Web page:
Beeps-a-Lot Box, Arcane Device, and Stylophonic Device each answer a question I hadn’t considered: What would have happened if H.R. Giger had decided to teach band? These graceful sculptures are working musical instruments produced by Gulf Coast artisan Mike Ford Designed to evoke curiosity as well as admiration, each is heavy with mysterious controls, indicators, and attachments, all beckoning to be explored. Growing up in a family of Gulf fishermen. Ford learned the value of inventiveness early on. Even as a tyke, he embraced this heritage, secretly designing and building a control panel for an imaginary rocket ship Sadly, his space exploration dreams were cut short after some critical knobs had to be unglued and returned to his grandmother’s TV set. A skilled stringed instrument builder, Ford was inspired by an article on circuit bending to start modifying discarded electronics boards. Dissatisfied with common project boxes for these creations, he began developing cases as exotic as his circuits. Finding this new challenge artistically satisfying, he pursued refinements to his design process and metalworking skills while an art student at the University of Mississippi Nowa full-time artist.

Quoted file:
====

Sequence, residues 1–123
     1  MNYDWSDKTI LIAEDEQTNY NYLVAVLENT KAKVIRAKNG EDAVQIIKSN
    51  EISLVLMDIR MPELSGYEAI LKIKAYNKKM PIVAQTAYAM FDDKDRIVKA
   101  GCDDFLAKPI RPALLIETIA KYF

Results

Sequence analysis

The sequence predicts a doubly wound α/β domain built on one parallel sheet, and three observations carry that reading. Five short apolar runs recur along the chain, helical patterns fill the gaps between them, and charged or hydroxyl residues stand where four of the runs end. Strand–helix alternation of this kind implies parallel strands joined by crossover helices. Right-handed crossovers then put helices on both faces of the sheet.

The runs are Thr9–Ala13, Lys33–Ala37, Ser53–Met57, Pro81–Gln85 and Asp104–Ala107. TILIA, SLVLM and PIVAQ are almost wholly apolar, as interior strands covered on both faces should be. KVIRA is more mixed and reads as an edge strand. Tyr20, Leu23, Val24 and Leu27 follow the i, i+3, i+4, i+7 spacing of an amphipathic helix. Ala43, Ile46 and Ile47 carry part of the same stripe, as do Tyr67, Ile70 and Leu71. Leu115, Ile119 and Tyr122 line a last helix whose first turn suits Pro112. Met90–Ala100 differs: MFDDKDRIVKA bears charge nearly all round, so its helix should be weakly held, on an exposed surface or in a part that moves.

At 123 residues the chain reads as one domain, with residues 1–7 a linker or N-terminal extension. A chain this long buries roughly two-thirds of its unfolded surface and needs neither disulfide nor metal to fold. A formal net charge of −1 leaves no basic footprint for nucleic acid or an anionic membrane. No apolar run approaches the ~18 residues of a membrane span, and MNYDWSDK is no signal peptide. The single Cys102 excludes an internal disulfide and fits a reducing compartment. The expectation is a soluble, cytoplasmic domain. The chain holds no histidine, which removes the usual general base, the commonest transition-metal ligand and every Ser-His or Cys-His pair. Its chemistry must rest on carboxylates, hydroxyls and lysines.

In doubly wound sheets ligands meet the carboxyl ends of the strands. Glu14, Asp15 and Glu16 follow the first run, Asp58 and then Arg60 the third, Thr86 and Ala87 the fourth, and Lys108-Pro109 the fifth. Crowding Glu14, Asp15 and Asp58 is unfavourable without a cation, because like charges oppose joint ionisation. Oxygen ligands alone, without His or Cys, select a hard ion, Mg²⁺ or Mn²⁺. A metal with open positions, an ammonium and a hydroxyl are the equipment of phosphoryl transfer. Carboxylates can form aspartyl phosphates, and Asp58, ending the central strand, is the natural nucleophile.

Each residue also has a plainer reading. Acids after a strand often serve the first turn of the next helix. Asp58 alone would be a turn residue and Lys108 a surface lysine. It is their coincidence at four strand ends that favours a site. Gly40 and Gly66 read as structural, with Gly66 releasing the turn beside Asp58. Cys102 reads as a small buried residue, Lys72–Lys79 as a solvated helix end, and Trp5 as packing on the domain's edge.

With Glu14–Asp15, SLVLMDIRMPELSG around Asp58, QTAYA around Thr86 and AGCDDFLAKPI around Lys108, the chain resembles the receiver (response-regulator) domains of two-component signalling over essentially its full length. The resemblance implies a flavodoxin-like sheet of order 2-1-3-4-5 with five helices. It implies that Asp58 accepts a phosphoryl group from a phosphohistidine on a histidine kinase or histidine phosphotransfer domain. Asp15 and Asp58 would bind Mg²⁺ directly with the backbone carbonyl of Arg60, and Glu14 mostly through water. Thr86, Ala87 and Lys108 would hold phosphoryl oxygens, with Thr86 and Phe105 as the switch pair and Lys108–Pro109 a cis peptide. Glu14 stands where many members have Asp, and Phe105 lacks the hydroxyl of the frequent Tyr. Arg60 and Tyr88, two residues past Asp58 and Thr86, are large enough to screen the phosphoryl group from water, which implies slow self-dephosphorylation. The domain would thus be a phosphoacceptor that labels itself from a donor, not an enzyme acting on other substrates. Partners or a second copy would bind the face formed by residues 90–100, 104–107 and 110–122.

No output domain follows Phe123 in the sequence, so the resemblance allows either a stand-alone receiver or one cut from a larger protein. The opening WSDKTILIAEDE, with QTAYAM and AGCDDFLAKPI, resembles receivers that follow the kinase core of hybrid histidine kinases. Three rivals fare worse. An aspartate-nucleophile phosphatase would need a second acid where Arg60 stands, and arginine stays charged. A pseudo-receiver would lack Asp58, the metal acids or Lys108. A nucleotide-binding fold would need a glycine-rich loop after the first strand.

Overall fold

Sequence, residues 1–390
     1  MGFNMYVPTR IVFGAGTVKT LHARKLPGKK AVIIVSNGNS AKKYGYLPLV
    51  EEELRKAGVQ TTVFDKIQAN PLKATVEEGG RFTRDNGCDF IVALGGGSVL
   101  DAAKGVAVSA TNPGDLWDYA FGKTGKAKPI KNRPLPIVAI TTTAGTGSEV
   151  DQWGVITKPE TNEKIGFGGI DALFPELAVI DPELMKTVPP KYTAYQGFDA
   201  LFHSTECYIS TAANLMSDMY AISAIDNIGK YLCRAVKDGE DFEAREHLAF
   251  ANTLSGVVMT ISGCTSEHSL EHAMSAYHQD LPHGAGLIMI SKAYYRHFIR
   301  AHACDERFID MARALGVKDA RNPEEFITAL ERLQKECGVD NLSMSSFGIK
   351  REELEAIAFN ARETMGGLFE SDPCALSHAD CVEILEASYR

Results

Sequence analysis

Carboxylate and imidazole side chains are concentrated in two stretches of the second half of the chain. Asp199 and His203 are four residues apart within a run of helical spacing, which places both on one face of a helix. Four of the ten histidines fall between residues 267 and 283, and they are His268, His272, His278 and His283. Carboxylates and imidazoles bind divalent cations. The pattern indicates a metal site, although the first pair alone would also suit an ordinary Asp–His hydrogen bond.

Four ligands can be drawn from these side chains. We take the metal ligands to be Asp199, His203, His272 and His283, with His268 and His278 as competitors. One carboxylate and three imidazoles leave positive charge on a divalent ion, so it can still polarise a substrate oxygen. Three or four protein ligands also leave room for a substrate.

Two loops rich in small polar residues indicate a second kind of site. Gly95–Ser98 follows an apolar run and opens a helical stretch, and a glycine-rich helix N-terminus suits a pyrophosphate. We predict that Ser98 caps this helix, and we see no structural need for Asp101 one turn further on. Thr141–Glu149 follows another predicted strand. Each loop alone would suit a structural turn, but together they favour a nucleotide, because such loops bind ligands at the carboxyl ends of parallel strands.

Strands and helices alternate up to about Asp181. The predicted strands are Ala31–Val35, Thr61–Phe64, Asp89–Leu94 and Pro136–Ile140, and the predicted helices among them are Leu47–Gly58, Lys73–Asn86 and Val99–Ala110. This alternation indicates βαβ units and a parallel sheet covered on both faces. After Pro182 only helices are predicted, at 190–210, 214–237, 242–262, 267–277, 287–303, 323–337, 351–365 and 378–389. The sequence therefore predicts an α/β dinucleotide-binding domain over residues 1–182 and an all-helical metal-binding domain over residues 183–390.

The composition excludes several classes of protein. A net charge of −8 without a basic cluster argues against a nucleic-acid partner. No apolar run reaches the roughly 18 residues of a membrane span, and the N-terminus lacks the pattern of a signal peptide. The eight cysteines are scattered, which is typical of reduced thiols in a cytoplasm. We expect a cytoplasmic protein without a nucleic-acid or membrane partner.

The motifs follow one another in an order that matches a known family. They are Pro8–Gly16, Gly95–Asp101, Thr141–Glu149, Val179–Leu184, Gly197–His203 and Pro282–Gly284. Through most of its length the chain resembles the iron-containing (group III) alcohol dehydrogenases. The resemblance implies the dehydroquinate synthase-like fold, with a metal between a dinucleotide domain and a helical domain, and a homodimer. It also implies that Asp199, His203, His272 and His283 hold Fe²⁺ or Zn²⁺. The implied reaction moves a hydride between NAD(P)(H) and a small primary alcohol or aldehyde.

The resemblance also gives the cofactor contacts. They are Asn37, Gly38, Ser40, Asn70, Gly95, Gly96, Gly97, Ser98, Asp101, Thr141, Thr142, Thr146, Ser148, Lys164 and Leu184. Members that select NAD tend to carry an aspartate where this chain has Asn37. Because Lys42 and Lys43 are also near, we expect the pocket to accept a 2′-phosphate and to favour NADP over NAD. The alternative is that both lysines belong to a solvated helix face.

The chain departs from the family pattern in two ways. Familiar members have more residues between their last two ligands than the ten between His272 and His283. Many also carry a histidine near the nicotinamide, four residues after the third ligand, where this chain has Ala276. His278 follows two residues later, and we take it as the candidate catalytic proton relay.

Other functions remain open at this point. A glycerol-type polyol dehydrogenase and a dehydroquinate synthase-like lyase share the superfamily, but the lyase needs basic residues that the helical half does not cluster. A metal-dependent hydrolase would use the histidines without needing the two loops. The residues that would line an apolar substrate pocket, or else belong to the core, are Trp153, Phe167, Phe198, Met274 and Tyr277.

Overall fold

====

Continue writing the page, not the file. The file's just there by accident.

Ford melds the electronics of his instruments with cases that, despite their fluidly seamless look, are largely composed of repurposed or found pieces that he works with hand tools. His design is decidedly deco-industrial, a look that has captivated him since he first glimpsed the retro-futuristic gadgets in movies like Dune and Brazil. This inspiration is easy to see in the wonderfully strange effectors on his instruments, whose functions seem both obvious and inscrutable. giving his gear the look of something from a not-quite-parallel world (a world where they use a lot of chrome). Besides building up his stock of sculptures, Ford is now constructing microsynthesizers based on vintage analog integrated circuits. l’m guessing those won’t be in plastic boxes.
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